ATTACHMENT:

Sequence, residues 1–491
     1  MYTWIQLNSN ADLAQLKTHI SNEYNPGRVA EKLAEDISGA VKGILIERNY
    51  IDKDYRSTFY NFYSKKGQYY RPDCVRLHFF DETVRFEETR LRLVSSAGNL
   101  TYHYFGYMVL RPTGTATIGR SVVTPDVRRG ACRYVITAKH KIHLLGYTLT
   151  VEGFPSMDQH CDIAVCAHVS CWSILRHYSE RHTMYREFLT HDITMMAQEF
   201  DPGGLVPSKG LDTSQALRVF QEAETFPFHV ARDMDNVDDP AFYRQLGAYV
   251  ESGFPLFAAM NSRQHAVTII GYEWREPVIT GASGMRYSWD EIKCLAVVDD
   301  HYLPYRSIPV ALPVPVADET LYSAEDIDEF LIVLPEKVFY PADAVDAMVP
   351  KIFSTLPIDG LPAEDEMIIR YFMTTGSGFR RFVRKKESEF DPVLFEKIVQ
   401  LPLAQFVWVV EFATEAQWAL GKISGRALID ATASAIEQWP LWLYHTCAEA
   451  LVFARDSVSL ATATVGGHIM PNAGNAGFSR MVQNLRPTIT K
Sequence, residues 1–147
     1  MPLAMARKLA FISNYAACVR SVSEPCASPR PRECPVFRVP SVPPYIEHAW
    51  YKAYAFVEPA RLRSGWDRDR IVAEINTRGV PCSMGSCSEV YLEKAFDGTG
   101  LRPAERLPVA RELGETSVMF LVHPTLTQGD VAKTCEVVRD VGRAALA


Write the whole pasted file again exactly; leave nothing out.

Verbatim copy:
Sequence, residues 1–491
     1  MYTWIQLNSN ADLAQLKTHI SNEYNPGRVA EKLAEDISGA VKGILIERNY
    51  IDKDYRSTFY NFYSKKGQYY RPDCVRLHFF DETVRFEETR LRLVSSAGNL
   101  TYHYFGYMVL RPTGTATIGR SVVTPDVRRG ACRYVITAKH KIHLLGYTLT
   151  VEGFPSMDQH CDIAVCAHVS CWSILRHYSE RHTMYREFLT HDITMMAQEF
   201  DPGGLVPSKG LDTSQALRVF QEAETFPFHV ARDMDNVDDP AFYRQLGAYV
   251  ESGFPLFAAM NSRQHAVTII GYEWREPVIT GASGMRYSWD EIKCLAVVDD
   301  HYLPYRSIPV ALPVPVADET LYSAEDIDEF LIVLPEKVFY PADAVDAMVP
   351  KIFSTLPIDG LPAEDEMIIR YFMTTGSGFR RFVRKKESEF DPVLFEKIVQ
   401  LPLAQFVWVV EFATEAQWAL GKISGRALID ATASAIEQWP LWLYHTCAEA
   451  LVFARDSVSL ATATVGGHIM PNAGNAGFSR MVQNLRPTIT K
Sequence, residues 1–147
     1  MPLAMARKLA FISNYAACVR SVSEPCASPR PRECPVFRVP SVPPYIEHAW
    51  YKAYAFVEPA RLRSGWDRDR IVAEINTRGV PCSMGSCSEV YLEKAFDGTG
   101  LRPAERLPVA RELGETSVMF LVHPTLTQGD VAKTCEVVRD VGRAALA